Hun­dreds in train near-misses

The Observer - - NEWS -

AN alarm­ing num­ber of mo­torists and pedes­tri­ans have nar­rowly avoided be­ing hit by trains in 2017-18, with a 33 per cent in­crease in near-misses recorded.

New fig­ures re­leased by the State Govern­ment last week re­veal 248 mo­torists ex­pe­ri­enced a near miss be­tween their ve­hi­cle or them­selves and a train as a re­sult of dis­obey­ing warn­ing signs, up from 127 in­ci­dents the pre­vi­ous fi­nan­cial year.

Trans­port Min­is­ter Mark Bai­ley, along with Queens­land Rail, will launch a new level cross­ing safety cam­paign called Heavy Metal to re­mind Queens­lan­ders of the risk they face by ig­nor­ing the warn­ings.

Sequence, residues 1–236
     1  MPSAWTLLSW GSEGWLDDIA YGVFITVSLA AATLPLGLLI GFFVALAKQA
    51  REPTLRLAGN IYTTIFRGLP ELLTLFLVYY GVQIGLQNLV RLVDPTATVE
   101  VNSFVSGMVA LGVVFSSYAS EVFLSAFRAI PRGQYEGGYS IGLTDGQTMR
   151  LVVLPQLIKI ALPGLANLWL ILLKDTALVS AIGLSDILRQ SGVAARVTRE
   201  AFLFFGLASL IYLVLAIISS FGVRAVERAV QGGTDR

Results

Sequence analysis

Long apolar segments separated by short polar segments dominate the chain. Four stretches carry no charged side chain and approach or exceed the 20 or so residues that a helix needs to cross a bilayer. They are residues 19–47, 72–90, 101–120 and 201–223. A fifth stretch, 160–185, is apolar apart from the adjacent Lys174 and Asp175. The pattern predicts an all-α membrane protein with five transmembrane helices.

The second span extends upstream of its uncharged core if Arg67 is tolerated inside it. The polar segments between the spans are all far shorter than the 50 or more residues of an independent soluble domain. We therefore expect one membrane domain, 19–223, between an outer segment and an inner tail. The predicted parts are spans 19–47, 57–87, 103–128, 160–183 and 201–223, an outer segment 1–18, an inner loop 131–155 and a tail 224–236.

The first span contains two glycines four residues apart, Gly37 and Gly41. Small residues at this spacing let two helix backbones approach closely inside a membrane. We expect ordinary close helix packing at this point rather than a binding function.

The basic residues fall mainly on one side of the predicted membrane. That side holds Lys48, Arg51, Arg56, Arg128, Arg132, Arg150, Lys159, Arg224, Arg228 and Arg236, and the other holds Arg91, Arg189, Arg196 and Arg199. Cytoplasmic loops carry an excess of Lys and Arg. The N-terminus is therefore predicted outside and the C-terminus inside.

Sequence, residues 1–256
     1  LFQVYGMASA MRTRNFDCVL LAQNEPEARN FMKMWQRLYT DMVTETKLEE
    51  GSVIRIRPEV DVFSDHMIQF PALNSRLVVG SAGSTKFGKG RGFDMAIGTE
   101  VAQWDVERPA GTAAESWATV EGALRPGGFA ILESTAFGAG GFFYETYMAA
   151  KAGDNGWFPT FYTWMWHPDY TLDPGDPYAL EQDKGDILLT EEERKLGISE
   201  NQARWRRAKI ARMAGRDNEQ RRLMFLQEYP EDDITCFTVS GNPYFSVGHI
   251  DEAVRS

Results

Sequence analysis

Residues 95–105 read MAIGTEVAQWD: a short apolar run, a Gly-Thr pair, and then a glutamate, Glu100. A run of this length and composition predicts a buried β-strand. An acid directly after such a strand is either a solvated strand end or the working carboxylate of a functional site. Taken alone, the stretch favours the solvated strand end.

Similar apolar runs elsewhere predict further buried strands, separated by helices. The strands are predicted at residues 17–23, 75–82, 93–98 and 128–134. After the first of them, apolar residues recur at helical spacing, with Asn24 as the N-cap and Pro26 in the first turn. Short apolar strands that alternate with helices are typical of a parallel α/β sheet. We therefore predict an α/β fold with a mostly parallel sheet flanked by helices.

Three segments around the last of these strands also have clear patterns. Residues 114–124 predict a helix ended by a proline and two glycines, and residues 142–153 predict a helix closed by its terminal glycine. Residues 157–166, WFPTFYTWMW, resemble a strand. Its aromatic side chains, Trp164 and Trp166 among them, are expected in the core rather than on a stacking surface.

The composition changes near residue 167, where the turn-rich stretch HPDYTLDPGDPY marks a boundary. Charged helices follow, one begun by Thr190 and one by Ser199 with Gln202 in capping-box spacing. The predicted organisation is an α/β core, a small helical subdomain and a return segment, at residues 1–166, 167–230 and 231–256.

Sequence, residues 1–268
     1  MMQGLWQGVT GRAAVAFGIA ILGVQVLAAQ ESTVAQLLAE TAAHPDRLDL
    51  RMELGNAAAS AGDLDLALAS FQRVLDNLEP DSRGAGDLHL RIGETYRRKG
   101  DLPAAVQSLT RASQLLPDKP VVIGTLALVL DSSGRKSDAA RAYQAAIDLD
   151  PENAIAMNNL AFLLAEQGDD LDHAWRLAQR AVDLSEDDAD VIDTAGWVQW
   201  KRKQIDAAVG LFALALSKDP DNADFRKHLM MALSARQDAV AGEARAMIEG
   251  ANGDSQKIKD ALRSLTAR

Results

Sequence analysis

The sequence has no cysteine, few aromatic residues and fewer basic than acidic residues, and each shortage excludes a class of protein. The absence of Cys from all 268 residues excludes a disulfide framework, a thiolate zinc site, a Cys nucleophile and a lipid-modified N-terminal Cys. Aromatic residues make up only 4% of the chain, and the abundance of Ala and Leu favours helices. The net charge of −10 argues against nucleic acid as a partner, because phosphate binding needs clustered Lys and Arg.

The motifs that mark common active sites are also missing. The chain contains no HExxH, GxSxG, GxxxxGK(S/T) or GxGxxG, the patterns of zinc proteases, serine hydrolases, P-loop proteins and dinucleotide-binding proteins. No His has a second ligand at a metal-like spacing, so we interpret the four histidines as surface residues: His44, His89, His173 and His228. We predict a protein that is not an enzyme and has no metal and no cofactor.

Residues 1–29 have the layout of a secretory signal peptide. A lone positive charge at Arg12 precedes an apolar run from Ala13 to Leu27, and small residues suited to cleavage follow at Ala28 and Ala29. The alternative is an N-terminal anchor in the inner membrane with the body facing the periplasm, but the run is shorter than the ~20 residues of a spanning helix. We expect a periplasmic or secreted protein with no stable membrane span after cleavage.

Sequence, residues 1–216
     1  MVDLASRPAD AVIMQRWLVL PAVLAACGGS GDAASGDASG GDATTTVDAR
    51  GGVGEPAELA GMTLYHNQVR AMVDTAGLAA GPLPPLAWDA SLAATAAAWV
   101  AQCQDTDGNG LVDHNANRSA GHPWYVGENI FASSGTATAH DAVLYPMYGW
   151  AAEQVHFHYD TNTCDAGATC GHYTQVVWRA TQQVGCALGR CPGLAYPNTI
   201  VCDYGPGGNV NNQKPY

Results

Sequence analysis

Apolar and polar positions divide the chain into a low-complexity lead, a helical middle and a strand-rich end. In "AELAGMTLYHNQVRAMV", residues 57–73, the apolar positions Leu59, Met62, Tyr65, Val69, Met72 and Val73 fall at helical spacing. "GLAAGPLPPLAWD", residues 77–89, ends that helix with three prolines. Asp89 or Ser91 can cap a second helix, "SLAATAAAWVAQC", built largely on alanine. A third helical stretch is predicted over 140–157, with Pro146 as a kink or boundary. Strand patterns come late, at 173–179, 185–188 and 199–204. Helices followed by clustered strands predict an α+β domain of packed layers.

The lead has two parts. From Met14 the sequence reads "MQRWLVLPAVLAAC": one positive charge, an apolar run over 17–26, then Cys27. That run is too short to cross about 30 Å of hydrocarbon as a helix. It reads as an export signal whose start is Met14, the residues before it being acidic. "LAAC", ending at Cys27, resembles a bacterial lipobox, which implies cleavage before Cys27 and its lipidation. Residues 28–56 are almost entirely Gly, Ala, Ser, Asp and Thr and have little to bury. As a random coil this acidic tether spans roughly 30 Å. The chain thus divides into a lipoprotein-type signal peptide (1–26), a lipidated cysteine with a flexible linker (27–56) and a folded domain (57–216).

The cam­paign comes less than a month af­ter for­mer MP Leanne Don­ald­son col­lided with a cane train near Bund­aberg. Ms Don­ald­son is still re­cov­er­ing in hos­pi­tal. Mr Bai­ley said while the $100,000 cam­paign had noth­ing to do with Ms Don­ald­son’s ac­ci­dent, it did re­it­er­ate the im­por­tance of safety. Train driver Peter Co­hen, who’s been driv­ing for al­most 20 years, said more trains were run­ning than ever be­fore.

“Once you’re in the road of us the train can’t stop in time,” he said. “The only thing that the train can do is go through you.”

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